Among the client population, the overpathologizing might be more pervasive. Currently, the ability to easily research anything on the internet has provided fertile ground for spouses to gain just enough information to be dangerous. Most of us are guided by confirmatory bias, meaning that we have a tendency to give more credence to information that supports what we already believe. If I think I’m married to a narcissist (or an autistic or a bipolar individual or…) then I will find all kinds of information supporting my viewpoint. Ditto for borderlines. Then, if I read that it is not very treatable, I might prematurely give up on the relationship.
Much of the highly emotional behavior observed in panicky, anxious pursuing partners (often wives who get labeled “Borderline”), is exacerbated by, if not a direct result of, the withdrawing or stonewalling behavior by spouses who are flooded. Likewise, the withdrawing husband who numbs himself because he doesn’t ever feel like he can calm down his wife’s emotions, may appear incapable of empathizing (Aha! Narcissism!), when the apparent lack of empathy is really a conditioned response generated from years of feeling helpless to impact a partner’s emotional reactions. The pattern becomes cyclical, more pronounced, and anticipatory until partners can and do appear to be Narcisstic and Borderline. In short, protective behaviors of stonewalling and withdrawal that make sense in an intense situation are incorrectly labeled, and desperate, clingy, panicky emotional behaviors that come as a result of not knowing what else to do to save a relationship are prematurely pathologized. Various trauma responses based on previous client history can also be prematurely lumped into a personality disorder.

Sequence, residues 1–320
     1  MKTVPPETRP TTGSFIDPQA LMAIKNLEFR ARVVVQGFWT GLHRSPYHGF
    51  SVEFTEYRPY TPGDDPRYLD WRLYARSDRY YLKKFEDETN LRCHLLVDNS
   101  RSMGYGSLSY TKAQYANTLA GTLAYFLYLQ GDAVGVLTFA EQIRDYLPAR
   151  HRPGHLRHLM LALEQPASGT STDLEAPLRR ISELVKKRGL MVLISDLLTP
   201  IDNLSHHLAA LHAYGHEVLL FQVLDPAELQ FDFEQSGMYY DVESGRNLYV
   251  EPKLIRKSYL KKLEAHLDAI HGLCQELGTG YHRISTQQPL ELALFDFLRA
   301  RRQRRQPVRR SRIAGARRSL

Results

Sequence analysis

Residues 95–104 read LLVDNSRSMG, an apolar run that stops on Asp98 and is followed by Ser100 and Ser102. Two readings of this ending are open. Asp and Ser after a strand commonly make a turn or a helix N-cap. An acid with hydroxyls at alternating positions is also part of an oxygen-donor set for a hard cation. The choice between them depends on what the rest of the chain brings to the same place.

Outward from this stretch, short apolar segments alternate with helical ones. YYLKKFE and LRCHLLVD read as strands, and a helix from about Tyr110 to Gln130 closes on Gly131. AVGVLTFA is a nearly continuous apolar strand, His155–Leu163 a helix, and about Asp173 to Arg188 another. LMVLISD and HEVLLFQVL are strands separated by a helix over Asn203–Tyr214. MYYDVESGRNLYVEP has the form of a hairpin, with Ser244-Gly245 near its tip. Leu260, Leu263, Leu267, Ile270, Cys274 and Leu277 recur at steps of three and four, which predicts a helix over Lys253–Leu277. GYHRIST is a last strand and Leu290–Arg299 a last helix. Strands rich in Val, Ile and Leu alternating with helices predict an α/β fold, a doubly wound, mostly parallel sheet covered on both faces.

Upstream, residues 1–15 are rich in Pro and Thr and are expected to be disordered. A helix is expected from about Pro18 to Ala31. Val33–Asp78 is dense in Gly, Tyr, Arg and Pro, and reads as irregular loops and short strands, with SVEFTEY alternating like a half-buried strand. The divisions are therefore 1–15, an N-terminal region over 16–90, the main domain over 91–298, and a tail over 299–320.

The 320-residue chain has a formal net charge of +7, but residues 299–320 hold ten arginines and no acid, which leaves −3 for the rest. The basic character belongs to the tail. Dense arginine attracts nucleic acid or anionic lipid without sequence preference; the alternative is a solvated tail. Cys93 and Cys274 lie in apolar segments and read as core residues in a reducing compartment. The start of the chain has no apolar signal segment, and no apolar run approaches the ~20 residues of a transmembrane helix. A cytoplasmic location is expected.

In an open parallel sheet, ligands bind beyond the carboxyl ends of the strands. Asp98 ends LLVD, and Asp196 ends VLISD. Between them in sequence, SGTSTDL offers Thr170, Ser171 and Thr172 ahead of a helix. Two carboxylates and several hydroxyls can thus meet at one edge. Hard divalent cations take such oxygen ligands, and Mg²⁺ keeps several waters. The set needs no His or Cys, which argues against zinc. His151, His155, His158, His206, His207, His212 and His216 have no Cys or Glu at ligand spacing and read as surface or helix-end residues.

I have no illusions about my self-indulgent blog post changing anything in general. That would require a readership larger than three people. However, I want to be on record somewhere articulating and highlighting this problem because it is endemic with therapists who don’t place behavior in a highly emotional couple context, and it is a problem with spouses who are desperately trying to make sense out of painful marriages they feel powerless to change.
Don’t get me wrong. I have seen clients who I believe meet criteria for both of these disorders. However, far more often, I see people who are very reactive to each other after years of feeling rejected, and their behaviors look like some of the personality disorder specifiers. In other words, I see more instances which are treatable than those which aren’t. If you think your spouse has a personality disorder, you could be right, but it is more likely that you are incorrectly labeling contextual, reactive behavior. Be very careful in your unofficial diagnosis.
Now it’s time to return to my real life of being mom to 7 children, or, as I like to call it, my “Acute Stress Disorder,” or my “Circadian Rhythm Sleep-Wake Disorder,” for which the recognized treatment is “birth control.” Oops….too late! Happy diagnosing!
Reference: Diagnostic and Statistical Manual of Mental Disorders, 5th edition (2013), American Psychiatric Association: Arlington, Virginia.